An interesting moment prompted me to (finally) redo my WordPress site.
I looked at my business card.
Right there, front and center, is my website URL (www.copymartin.com). Staring at it blankly, I quickly realized something: any person holding one of those cards might go to my website.
So, I put myself in their shoes.
What I saw from the perspective of a prospective client was a woefully underwhelming billboard for my freelance copywriting business.
Because if I’m considering a copywriter for website copywriting services, I expect that copywriter to have some damn good website copy of their own.
It was time for a change.
My goals for this website refresh
- Update all copy to more clearly communicate my writing services, style, and USP(s)
- Establish simple, prominent site navigation
- Maintain consistent look and feel across all pages
- Full SEO “sweep” including keyword research and targeting
- Configure analytics tools to monitor SEO, website traffic, other KPIs
- Ensure site is optimized for mobile
You just switch the WordPress theme, right?
A website refresh might not seem like much, but there’s a lot that goes on under the hood.
You can’t just switch your Wordpess theme and call it a day. Because the first thing that happens when you switch your theme is …
Since I don’t have a testing environment, I instead installed a website maintenance plugin to let any visitors know of my updates while I sorted out the mess that resulted from switching themes. This gave me time to clean up the layout and design, build out additional pages, and configure widgets and plugins.
Overview of changes
- Added top navigation with four simple menus (Services, About, Blog, Contact)
- Rewrote all website copy to be more persuasive
- Cleaned up copywriting portfolio (write up, links, images, meta data)
- Established pillar pages under Services menu (Website copywriting, Blog writing, Landing pages)
- Consolidated categories and tags (including meta data)
- Added CTAs to improve click through rate (CTR) and conversions (Contact)
A lotta SEO tinkering
Finally, Search Engine Optimization (SEO) was a major component of my decision to redo my WordPress site.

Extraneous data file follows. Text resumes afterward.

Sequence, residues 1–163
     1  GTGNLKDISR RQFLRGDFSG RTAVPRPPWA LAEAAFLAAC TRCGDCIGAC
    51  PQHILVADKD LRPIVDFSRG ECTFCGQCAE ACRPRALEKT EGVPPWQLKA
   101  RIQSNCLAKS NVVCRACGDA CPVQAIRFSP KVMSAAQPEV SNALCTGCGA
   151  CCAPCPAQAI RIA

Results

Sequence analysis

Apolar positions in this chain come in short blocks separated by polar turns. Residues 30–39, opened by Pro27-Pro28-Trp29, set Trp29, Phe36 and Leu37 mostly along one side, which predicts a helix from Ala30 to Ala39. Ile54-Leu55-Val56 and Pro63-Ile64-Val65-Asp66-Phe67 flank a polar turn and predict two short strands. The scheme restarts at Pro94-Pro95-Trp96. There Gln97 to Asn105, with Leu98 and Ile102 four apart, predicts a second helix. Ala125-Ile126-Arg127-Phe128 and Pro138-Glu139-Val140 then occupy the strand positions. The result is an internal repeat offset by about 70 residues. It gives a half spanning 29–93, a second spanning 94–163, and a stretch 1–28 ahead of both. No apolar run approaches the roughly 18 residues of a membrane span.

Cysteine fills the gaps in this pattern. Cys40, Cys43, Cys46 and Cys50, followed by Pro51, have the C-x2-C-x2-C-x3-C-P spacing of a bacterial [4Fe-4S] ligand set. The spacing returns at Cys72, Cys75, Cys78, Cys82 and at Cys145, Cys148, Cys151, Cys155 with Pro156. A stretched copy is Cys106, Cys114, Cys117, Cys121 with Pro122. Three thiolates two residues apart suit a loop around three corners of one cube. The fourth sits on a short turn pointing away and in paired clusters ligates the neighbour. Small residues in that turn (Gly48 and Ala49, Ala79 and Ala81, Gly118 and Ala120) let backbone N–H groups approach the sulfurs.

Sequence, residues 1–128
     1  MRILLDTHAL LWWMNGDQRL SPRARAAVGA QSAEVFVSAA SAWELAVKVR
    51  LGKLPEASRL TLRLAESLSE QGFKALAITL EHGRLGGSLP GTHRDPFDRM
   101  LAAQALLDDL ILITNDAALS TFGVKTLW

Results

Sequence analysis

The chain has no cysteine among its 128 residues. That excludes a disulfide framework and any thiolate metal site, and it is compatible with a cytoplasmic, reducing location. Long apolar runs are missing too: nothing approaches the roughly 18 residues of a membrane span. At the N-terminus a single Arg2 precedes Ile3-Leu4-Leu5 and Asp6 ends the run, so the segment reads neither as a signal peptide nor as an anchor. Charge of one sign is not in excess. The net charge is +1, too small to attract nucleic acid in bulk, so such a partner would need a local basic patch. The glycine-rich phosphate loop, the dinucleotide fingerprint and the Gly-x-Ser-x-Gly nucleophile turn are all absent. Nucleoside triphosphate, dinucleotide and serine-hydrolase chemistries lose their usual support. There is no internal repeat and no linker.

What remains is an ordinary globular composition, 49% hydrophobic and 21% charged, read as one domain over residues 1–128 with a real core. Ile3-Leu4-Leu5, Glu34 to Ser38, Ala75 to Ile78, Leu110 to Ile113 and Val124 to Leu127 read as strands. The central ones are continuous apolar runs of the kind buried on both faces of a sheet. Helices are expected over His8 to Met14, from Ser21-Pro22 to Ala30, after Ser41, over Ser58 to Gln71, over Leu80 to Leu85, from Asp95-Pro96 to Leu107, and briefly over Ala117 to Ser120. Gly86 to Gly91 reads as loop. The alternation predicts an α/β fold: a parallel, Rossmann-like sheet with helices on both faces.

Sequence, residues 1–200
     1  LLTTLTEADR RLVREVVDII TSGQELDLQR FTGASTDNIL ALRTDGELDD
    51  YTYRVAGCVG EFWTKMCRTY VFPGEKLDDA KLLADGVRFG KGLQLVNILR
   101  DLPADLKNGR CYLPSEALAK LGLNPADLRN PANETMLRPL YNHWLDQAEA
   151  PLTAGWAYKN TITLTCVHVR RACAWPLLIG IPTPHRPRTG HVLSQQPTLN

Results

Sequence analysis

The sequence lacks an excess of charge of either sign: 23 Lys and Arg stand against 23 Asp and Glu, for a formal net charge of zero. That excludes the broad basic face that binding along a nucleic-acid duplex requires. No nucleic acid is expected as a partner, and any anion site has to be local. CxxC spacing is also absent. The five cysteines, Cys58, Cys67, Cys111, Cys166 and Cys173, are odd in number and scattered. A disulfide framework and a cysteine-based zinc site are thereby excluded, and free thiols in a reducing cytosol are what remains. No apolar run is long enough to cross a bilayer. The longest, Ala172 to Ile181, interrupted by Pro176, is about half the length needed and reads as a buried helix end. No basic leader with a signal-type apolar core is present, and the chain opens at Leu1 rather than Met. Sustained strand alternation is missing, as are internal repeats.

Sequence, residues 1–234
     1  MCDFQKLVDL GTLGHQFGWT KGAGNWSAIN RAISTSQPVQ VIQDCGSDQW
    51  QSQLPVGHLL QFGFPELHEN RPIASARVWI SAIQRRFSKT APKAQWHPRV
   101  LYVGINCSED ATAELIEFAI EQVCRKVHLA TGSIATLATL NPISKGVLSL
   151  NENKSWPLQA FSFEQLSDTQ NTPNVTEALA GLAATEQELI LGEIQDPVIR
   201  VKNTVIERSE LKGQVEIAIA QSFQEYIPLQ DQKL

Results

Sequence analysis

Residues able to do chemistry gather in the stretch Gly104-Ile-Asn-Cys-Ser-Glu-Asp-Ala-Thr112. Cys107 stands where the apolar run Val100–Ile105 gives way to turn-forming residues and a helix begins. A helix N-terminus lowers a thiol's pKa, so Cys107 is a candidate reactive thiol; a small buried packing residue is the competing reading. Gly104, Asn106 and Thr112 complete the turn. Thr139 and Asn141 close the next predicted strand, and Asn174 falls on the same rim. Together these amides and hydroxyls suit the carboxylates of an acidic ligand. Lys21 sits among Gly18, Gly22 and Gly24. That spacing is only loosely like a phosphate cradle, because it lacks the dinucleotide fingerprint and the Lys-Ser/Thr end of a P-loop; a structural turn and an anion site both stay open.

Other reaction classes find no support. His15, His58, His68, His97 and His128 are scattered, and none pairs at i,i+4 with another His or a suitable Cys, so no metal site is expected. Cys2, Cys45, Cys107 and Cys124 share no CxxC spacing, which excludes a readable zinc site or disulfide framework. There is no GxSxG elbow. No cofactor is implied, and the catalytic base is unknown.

Because what’s the point of a business website if no one can find or read it? Fact is, organic website traffic doesn’t happen without a consistent SEO strategy, something my old website did not have.
Here’s a look at what I did:
- Established keyword strategy – Not telling!
- Installed Yoast – The (free) Yoast SEO plugin allows me to configure SEO elements for each page on my site, including target wordcount, setting a focus keyword, and SEO title.
- Configured meta data (all of it) – I scoured my site for opportunities to configure meta data, things like website title, image alt text, on-page descriptions, slugs. I even set the metadata for category pages. My approach? Be simple, sprinkle in target keywords, and keep the end-user experience in mind (no fluff).
- Cleaned up page slugs – This is the part of the URL specific to a given page. Simplifying slugs and, where appropriate, using target keywords is one of those little details that can provide some major SEO mojo down the road.
- Went through old blog posts – Each and every one (luckily, there weren’t too many, though that will soon change). I updated everything from structure, linking, and all meta data to align with my new keyword strategy.
Even for a simple site like mine, this was a time-consuming undertaking. Feel free to drop a comment if you have any questions about specific aspects of the update—I’m happy to explain.
Or just to tell me what you think.
Hopefully, this post helps you as you consider you’re own website refresh.